We are persuaded that when county prosecutors and their subordinates are involved in the investigation and enforcement of the State's criminal laws, they perform a function that has traditionally been the responsibility of the State and for which the Attorney General is ultimately answerable. In our view, the State should be obligated to pay the county prosecutors and their subordinates' defense costs and to indemnify them if their alleged misconduct involved the State function of investigation and enforcement of the criminal laws.
We acknowledge that the Legislature intended a sharp distinction between State employees and employees of other public entities that may be indemnified by such entities, but that distinction did not contemplate public employees, such as county prosecutors, who have a hybrid status. We are persuaded that the statutory language used in N.J.S.A. 59:1-3 did not take into account the unique role of county prosecutorial employees, paid by the county, but performing a State law enforcement function under State supervisory authority.
[Ibid. (alteration in original) (emphasis added).]

The county is liable, however, when county prosecutor employees "perform administrative tasks unrelated to their strictly prosecutorial functions[.]" Coleman v. Kaye, 87 F.3d 1491, 1499 (3d Cir. 1996) (predicting what our Supreme Court would hold if presented with same issue), cert. denied, 519 U.S. 1084, 117 S.Ct. 754, 136 L.Ed.2d 691 (1997). Further, "the State's duty to indemnify and defend county prosecutors and their subordinates is limited to acts or omissions that do not involve actual fraud, actual malice or willful misconduct[.]" Wright, supra, 169 N.J. at 456.

Applying these principles to the issue at hand, there is substantial credible evidence in the record to support the Department's decision to deny the County's request for defense and indemnification. As the Department found, the bankruptcy Trustee raised no allegations of "misconduct" or other tortious conduct on the part of the HCPO either in its prosecution of Ruis or in the separate, civil forfeiture action. Indeed, neither of those proceedings is even mentioned in the bankruptcy complaint. Thus, the Tort Claims Act does not apply and the Department was not required to provide a defense and indemnification to the County. Chasin, supra, 159 N.J. at 428.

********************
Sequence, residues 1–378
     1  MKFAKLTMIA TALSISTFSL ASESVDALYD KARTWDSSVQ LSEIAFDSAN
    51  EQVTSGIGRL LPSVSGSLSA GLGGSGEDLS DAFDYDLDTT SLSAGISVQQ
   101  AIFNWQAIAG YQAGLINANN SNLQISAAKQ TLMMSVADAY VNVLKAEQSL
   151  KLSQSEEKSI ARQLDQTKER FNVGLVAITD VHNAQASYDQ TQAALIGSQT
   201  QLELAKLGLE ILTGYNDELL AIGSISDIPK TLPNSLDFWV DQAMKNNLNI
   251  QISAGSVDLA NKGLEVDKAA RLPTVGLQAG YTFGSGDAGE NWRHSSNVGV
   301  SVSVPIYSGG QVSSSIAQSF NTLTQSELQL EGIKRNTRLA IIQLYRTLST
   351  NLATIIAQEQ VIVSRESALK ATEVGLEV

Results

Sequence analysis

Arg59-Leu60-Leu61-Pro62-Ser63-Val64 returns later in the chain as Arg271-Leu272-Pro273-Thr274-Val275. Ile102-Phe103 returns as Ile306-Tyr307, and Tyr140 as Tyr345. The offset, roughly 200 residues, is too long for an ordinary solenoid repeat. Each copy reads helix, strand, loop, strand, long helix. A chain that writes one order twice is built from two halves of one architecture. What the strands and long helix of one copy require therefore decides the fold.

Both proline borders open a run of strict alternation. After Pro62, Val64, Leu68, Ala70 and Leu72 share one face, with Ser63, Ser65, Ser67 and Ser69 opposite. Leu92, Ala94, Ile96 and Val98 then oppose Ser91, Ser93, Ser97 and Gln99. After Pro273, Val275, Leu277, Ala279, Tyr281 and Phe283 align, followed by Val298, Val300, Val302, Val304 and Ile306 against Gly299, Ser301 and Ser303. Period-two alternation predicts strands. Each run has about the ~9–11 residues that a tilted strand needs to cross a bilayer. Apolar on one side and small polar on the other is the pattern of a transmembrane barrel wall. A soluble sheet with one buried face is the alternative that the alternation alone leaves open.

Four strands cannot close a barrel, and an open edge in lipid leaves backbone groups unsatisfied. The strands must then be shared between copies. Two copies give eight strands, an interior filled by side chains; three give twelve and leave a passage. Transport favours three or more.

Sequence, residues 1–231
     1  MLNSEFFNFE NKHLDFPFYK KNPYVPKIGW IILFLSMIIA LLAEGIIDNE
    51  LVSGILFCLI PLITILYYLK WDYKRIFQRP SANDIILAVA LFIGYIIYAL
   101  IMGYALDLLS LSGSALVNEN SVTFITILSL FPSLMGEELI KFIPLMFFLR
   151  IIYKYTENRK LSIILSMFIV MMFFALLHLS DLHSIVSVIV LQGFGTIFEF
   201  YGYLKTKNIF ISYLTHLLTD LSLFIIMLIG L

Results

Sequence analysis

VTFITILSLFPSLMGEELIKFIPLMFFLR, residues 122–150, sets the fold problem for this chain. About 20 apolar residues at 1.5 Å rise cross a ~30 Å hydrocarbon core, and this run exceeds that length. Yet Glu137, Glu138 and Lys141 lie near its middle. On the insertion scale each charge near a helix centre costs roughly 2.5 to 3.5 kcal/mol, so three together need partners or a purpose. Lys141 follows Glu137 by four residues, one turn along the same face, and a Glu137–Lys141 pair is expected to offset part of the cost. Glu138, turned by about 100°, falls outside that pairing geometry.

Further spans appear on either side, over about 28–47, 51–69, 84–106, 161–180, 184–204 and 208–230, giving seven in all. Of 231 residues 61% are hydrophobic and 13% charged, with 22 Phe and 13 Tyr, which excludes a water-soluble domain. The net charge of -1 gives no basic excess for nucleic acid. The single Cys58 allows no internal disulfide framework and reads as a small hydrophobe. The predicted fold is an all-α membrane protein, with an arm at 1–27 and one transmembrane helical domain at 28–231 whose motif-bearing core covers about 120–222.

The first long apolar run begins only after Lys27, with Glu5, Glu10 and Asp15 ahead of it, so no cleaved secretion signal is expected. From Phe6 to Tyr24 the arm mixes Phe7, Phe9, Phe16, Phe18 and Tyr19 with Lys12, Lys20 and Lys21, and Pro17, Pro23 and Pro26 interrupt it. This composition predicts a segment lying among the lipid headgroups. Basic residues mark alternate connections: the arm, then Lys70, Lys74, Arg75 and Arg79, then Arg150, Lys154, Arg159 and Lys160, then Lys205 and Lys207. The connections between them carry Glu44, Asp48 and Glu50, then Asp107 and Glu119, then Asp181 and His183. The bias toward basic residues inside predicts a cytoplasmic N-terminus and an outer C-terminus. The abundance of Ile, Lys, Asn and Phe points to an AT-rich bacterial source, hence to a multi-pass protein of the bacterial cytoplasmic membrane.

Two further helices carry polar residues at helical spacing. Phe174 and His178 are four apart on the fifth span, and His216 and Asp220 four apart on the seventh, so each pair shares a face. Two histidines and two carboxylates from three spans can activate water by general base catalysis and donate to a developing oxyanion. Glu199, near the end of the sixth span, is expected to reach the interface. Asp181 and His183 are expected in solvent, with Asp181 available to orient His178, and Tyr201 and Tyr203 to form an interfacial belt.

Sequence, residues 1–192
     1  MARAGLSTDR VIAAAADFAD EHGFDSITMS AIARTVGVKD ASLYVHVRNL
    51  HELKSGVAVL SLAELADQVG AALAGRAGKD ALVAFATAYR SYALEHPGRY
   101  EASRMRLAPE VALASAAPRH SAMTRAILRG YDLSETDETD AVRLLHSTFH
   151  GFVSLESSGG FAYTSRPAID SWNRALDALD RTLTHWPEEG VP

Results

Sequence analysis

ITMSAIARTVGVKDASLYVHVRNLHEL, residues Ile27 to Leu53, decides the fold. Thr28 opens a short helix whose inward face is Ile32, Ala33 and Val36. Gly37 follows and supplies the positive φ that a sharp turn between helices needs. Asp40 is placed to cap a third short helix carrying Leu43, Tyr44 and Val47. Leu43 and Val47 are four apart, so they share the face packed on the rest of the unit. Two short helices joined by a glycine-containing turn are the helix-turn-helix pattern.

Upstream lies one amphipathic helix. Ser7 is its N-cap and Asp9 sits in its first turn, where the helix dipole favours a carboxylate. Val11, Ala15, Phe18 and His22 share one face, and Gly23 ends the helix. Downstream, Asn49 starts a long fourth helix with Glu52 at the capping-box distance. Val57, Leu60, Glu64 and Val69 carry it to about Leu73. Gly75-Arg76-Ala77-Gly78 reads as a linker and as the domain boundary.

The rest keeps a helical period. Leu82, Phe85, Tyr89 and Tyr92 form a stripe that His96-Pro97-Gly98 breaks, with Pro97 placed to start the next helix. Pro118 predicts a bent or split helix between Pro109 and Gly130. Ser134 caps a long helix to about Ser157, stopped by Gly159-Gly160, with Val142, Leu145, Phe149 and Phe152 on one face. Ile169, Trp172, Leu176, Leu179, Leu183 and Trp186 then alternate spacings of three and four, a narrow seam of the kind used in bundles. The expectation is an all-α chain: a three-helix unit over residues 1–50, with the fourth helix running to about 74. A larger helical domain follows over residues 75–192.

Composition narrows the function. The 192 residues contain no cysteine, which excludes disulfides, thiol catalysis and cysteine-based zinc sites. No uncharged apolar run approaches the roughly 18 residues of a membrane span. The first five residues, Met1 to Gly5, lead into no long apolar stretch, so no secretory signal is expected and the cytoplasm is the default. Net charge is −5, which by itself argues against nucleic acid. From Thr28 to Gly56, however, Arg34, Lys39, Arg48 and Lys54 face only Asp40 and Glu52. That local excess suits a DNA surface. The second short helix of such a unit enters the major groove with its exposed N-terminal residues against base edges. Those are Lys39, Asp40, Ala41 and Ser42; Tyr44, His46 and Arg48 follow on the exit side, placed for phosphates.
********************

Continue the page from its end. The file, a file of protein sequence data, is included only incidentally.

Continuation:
In addition, the Trustee's complaint does not implicate the HCPO's or the State's investigative or law enforcement activities as required by Wright. As the County suggests in its brief, the Trustee's contention that the HCPO owes Ruis $300, 000 on a "book account" indicates the Trustee is arguing that the payment to the HCPO may have been a "voidable preference" paid too soon before Ruis filed his bankruptcy petition. See 11 U.S.C.A. § 547(b). Thus, the Trustee is merely raising an objection to the transfer of these funds to the HCPO and he seeks to have the money returned to the estate where it will be available to satisfy the claims of all of the creditors, including the HCPO.

The HCPO filed and pursued its civil forfeiture action against Ruis using only its own resources, without any assistance or supervision from the State. Had Ruis filed his bankruptcy petition prior to the entry of the June 2010 consent orders in that action, it is clear the HCPO, and not the State, would have had to deal with this issue at that time, again using only its own resources. Under these circumstances, it is entirely appropriate to require the HCPO to continue and complete the collection process on its own. By resisting the return of the funds it now holds in the bankruptcy action, the HCPO is plainly performing an administrative function, related solely to its own interests and budget, rather than a "classic law enforcement and investigative function[]" that would bring this case within the ambit of Wright. Supra, 169 N.J. at 441-42 (quoting Coleman, supra, 87 F.3d at 1505-06).

We therefore discern no basis for disturbing the Department's decision to deny the County's request for a defense and indemnification under the circumstances of this case. The civil bankruptcy action does not implicate the Tort Claims Act or touch upon the HCPO's prosecutorial or investigative functions. The County has failed to present any evidence to indicate that the Department's decision was arbitrary, capricious, or unreasonable.

Affirmed.